We gain nothing by attempting to evade the obvious import of any of the biblical narratives. On the treatment of this account of Jephthah's daughter Stanley ob
“As far back as we can trace the sentiment of those who read the passage, in Jonathan the Targumist, and Josephus, and through the whole of the first eleven centuries of Christendom, the story was taken in its literal sense as describing the death of the maiden, although the attention of the Church was, as usual, diverted to distant allegorical meanings. Then, it is said, from a polemical bias of Kimchi, arose the interpretation that she was not killed, but immured in celibacy. From the Jewish theology this spread to the Christian. By this time the notion had sprung up that every act recorded in the Old Testament was to be defended according to the standard of Christian morality; and, accordingly, the process began of violently wresting the words of Scripture to meet the preconceived fancies of later ages. In this way entered the hypothesis of Jephthah's daughter having been devoted as a nun; contrary to the plain meaning of the text, contrary to the highest autho of the Church, contrary to all the usages of the old dispensation. In modern times a more careful study of the Bible has brought us back to the original sense. And with it returns the deep pathos of the original story, and the lesson which it reads of the heroism of the father and daughter, to be admired and loved, in the midst of the fierce superstitions across which it plays like a sunbeam on a stormy sea."-Lectures on the History of the Jewish Church. First Series, p. 397.
accuracy to be looked for in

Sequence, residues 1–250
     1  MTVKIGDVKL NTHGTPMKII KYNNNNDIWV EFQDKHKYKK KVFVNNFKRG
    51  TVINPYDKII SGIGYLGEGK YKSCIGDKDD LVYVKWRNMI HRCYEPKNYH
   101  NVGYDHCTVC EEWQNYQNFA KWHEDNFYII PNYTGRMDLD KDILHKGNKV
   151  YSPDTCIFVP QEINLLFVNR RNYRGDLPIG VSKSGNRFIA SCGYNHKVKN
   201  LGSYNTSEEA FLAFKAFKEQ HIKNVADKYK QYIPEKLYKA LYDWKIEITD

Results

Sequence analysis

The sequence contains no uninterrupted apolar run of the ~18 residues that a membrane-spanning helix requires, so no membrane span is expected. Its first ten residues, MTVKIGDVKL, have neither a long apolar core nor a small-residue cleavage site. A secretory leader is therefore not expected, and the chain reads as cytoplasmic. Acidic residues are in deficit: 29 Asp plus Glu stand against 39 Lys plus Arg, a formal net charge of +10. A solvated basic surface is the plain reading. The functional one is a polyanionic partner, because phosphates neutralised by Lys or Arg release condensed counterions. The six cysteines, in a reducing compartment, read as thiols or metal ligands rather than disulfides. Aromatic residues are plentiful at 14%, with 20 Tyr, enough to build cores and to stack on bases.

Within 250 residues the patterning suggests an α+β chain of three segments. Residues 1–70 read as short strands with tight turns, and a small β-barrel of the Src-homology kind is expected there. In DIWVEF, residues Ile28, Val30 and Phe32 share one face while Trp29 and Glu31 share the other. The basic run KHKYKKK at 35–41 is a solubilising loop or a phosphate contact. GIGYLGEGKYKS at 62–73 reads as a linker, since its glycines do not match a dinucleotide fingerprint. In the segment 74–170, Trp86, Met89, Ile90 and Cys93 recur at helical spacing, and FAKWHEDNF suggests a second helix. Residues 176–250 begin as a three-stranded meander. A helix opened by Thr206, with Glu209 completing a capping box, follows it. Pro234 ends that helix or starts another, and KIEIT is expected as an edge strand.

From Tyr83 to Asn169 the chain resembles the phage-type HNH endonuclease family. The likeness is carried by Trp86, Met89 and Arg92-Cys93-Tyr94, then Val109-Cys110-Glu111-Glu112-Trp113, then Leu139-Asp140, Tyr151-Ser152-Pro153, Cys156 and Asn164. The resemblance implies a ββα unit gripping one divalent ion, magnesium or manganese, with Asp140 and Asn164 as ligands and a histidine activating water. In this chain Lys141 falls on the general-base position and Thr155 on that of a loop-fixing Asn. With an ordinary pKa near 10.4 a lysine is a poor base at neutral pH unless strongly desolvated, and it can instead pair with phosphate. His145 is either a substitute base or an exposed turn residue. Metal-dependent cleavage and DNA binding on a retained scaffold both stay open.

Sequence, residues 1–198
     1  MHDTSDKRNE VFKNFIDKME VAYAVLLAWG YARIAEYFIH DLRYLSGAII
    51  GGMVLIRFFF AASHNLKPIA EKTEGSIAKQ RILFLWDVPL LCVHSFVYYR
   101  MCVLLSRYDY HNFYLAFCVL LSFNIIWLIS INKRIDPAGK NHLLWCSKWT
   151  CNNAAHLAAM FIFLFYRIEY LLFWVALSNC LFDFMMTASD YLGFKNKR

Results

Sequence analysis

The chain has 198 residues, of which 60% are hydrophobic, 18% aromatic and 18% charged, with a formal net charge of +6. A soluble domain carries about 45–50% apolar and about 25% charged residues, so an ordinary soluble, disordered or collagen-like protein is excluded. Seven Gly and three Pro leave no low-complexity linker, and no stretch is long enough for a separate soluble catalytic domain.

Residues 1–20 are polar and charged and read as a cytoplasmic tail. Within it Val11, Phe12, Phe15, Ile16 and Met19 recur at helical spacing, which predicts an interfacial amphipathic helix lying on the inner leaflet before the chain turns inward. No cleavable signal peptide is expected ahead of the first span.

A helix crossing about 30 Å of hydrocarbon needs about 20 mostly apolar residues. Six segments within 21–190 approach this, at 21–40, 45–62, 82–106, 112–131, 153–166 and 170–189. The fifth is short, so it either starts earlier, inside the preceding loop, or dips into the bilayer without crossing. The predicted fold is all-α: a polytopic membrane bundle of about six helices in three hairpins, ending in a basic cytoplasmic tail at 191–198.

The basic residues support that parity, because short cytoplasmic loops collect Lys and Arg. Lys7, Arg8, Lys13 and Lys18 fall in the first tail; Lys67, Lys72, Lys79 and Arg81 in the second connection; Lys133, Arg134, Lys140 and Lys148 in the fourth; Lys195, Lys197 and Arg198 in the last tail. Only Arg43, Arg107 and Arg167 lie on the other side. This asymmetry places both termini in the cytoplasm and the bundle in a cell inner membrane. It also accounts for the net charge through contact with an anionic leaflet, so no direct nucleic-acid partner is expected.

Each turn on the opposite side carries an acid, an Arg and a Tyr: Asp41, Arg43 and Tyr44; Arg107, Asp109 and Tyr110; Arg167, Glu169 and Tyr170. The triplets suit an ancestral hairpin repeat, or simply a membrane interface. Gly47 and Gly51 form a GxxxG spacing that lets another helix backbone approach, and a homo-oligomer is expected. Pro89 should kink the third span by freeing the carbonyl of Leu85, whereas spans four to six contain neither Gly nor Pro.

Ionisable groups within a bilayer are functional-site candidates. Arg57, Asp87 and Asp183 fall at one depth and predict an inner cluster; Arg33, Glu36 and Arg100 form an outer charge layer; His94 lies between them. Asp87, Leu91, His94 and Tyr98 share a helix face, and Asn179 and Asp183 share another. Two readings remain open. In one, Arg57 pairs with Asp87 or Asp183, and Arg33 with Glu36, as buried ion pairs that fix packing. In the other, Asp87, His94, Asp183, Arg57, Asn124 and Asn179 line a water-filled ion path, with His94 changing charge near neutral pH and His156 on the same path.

but an empty thing, based upon a gigantic falsehood. This conclusion follows irresistibly from the above-named facts. We must either accept the statements of the evangelists, in their plain and obvious import, or else meet the inevitable alternative that they knowingly put forth a falsehood (a concerted testimony which was essentially a lie before God), and went preaching it in all the world, ready to seal their testimony by tortures and death. This latter alternative involves too great a strain upon our reason to be accepted for a moment, especially when the unique and straightforward Gospel narratives furnish such a clear and adequate historical basis for the marvellous rise and power of Christianity in the world.
Winer's Grammar of the New Testament, and the modern critical commentaries on the whole or on parts of the New Testamentsuch as those of Meyer, De Wette, Alford, Ellicott, and Godethave served largely to place the interpretation of the Christian Grammatical Scriptures on a sound grammatico-historical basis, and
a constant use of these great works is all-important to the Scriptures. the biblical scholar. He must, by repeated grammatical praxis, make himself familiar with the peculiarities of the New Testament dialect. The significance of the presence or the absence of the article has often much to do with the meaning of a passage. “In the language of living intercourse," says Winer, “it is utterly impossible that the article should be omitted where it is decidedly necessary, or employed where it is not demanded. "Opoc can never denote THE mountain, nor tò poc a mountain.” i The position of words and clauses, and peculiarities of grammatical structure, may often serve to emphasize important thoughts and statements. The special usage of the genitive, the dative, or the accusative case, or of the active, middle, or passive voice, often conveys a notable significance. The same is also true of conjunctions, adverbs, and prepositions. These serve to indicate peculiar shades of meaning, and delicate and suggestive relations of words and sentences, without a nice apprehension of which the real sense of a passage may be lost to the reader. The authorized version often obscures an important passage of the New Testament by a mistranslation of the aorist tense. Take, as a single example, 2 Cor. v, 14: "For the love of Christ constraineth us; because we thus judge, that if one died for all, then were all dead.” The if is now allowed to be an
error in the text and should be omitted. The verse
should then be translated: “For the love of Christ constrains us, having judged this, that one died for all; therefore the all died." The first verb, constrains (ovvexet), is in the present
1 New Testament Grammar, p. 116, Andover, 1874.